Julie Schumacher is the first woman to win the Thurber Prize for American Humor for Dear Committee Members. Jason Fitger is back in the sequel, The Shakespeare Requirement. The hapless Professor Fitger is now chairman of the English Department at Payne University. Sounds like a promotion, right? Think again. He has no budget and won’t until he can get his team to unanimously agree to a Statement of Vision for the department. Professor Dennis Cassavan insists that a semester of Shakespeare be a requirement for every English major, while Professor Zander Hesseldine declares that suggesting that Shakespeare study was in jeopardy was like declaring the cockroach an “endangered species.” If Shakespeare is required then why not Postcolonial Literature, Feminist Studies and on and on. It’s one thing to get the department to agree, but once that is accomplished he must get approval from the dean, who just happens to be sleeping with his ex-wife, Janet.
The course of true love never did run smooth, and so it goes for Fitger, who still happens to be in love with Janet, whose feelings for him slide on the scale between disdain and indifference. But there’s a new girl in town. Mary Eland is the new chair of the Department of Consolidated Languages, and she appears in Fitger’s office toting a bottle of wine and some advice. You must play the game, it’s a “blood sport . . . you will see,” she says, “When we go upstairs to the party: on the table with the food, they will give us spoons and forks, but no knives. This is so we do not slit each other’s throats.”
Janet, though deflecting his desire to get back together, has advice for Fitger as well. He must seek the support of a wealthy donor, he must invite a well-known author to speak at the University, he must she seems to agree, play the game. The game is something that Professor Gladwell, chair of the Economics Department knows well. His department has taken over almost all of Willard Hall, pushing the English Department down, down, down into the basement, with the hopes that eventually he will push them all the way out, ultimately eliminating the liberal arts program entirely.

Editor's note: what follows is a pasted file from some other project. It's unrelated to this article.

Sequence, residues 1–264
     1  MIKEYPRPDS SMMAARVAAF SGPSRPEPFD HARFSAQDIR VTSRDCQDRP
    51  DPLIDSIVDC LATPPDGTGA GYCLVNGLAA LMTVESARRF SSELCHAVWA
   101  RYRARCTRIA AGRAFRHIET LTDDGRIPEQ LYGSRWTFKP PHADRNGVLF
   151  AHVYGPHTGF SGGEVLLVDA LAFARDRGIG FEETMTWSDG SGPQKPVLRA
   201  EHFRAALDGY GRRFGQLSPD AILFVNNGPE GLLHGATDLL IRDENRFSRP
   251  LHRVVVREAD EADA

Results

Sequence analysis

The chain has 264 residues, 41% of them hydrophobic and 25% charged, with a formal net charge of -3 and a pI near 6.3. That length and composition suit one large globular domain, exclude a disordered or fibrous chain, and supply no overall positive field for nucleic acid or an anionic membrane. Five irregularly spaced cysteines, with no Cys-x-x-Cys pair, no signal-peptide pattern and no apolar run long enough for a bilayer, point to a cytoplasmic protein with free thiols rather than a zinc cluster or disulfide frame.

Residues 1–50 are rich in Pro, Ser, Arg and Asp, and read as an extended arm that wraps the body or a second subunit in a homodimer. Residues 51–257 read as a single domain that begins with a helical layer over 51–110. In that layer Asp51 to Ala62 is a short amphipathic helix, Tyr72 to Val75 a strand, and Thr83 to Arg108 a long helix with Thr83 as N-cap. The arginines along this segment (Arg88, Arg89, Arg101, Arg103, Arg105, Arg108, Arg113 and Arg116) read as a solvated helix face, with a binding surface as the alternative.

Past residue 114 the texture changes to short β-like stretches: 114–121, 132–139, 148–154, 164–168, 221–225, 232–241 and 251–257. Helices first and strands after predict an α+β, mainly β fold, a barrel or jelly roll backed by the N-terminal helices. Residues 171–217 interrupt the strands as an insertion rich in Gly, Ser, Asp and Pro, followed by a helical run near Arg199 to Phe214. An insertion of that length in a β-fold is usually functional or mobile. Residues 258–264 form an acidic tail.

Though sometimes playing the fool, Fitger is a good man. He takes in a convalescing colleague after his surgery, making him toast and soft-boiled eggs and helping him to the toilet. He dog sits his rather obnoxious and slightly unhelpful administrative assistant’s foster dog, Rogaine. He helps a timid but promising student find a job in Janet’s department and serves as a pseudo father figure when the student gets pregnant.
While Fitger struggles to put together his Statement of Vision, Gladwell announces that two very wealthy donors will make a large donation to the Economics Department. Fitger tries to step up his game by inviting an author friend of his convalescing professor to give a presentation at the University. But alas, Fitger doesn’t do his research. It turns out the author is very popular . . . with the preschool crowd.
Not to worry, the Bard always said that a fool thinks himself to be wise, but a wise man knows himself to be a fool. In the end, Fitger proves himself the wiser man.
Julie Schumacher will be teaching at the North Shore Readers and Writers Festival November 7-10. Watch the Grand Marais Art Colony website for registration to open in June.